Sister: Chihaya should just keep gushing about how great I am.
While I want to gloat about how the sister got what she deserves after dismissing Chihaya’s newfound interest in the previous episode, her reaction here is far different than before; her words are motivated by loss. Contrasted with a shot of Chihaya studying poems in her room, the extent of Chihaya’s developed resolve is heavily understated, and well-executed.
The montage that follows was interesting by itself, simply because it’s a Karuta-based training montage, but it’s nothing to really write about, other than the obligatory link to the Team America montage video on youtube.
Nothing Gold Can Stay
The major source of drama from this episode comes from the conflict between Chihaya and the boys, who can no longer play Karuta with her when they graduate elementary school. The timing is neatly executed, since the entire episode so far (and the one before it) built up the comeradery between the trio through Karuta. The development of the resolution is gradual, but it starts with further conflict between the boys, who, as expected of prepubescent boys, break out into a fight over who was responsible for upsetting Chihaya. It’s not difficult to read a bit deeper and notice that they’re really fighting over who deserves her favor.
Regardless, the gesture that the boys make for Chihaya is very sweet and well-thought out. A team shirt, labelled “team Chihayafuru” given to her as a present alongside a note (probably of apology). Her response to the gesture is true to her character, appearing at the tournament at the last second in timely fashion yet again. Her acceptance of the boys’ apologies is genuine and indicative of her true feelings:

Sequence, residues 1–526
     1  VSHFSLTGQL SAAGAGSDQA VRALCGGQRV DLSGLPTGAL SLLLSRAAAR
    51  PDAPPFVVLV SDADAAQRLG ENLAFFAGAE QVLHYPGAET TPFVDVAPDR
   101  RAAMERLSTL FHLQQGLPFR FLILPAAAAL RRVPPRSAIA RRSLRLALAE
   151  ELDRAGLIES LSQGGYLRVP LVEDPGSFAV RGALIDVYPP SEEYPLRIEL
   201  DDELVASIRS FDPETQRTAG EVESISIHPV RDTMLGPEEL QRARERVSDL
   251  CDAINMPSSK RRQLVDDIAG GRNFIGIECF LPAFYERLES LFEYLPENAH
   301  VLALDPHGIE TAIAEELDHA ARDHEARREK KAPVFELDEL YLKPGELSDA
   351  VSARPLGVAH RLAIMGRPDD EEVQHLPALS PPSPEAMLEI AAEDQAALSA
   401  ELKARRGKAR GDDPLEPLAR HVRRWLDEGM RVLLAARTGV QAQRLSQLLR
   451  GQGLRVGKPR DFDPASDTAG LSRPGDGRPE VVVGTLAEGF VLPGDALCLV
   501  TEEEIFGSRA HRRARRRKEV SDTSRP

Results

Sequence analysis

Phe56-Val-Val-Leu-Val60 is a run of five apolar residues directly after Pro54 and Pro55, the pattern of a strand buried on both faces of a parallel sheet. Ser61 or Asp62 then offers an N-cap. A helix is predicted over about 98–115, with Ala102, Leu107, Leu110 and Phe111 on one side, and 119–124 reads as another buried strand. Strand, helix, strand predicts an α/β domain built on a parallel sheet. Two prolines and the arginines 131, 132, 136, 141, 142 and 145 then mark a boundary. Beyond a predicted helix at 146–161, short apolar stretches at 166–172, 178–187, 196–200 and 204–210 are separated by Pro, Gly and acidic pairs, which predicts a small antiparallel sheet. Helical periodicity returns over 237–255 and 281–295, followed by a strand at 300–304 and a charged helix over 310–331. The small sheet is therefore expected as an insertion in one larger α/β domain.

Chihaya: I’m still mad at you guys! You’re both leaving me behind! But I’m not the only one who feels lonely, right?
The ensuing match, while not depicted in full detail, has a lot at stake. It’s the last match they’ll ever play together, and it’s a culmination of their Karuta experiences together. In meaningful fashion, they all grab the Chihaya card at the same, each with their own high levels of intensity. Close to the end of the game, Chihaya mentions how there aren’t that many cards left, but she doesn’t want the game to end. It’s like she’s commenting on her friendship with Arata and Taichi, and it draws a wonderful comparison between the game and interpersonal relationships that I’ve come to appreciate so much from this show.
The scenes after graduation, as drama-filled as it is, really straddled the line between meaningful and cheesy, and it has something to do with Chihaya’s insistence that they’ll eventually meet again as long as they keep playing Karuta. In my eyes, that statement isn’t so much for the boys as it is for Chihaya herself; she justified her passion even more by associating it with her close friendships. I look forward to seeing how this value gets thrown into question when those feelings of friendship develop into something more.
Playing With Shadows
Now that the kids are separated from here on out, there are a myriad of possibilities for Chihaya’s story to play out, but I can feel that her interest in Karuta will only continue, even in the absence of Taichi and Arata. She’ll always be thinking of them, and she’ll always draw on those memories when she plays Karuta, even if she plays by herself. Chihayafuru is sure to pass many 3-episode tests from people who give it a try; let’s hope that it continues with the same level of intensity and quality of story-telling.
“Yet seemed it winter still, and you away,
As with your shadow I with these did play.”
-Shakespeare, Sonnet 98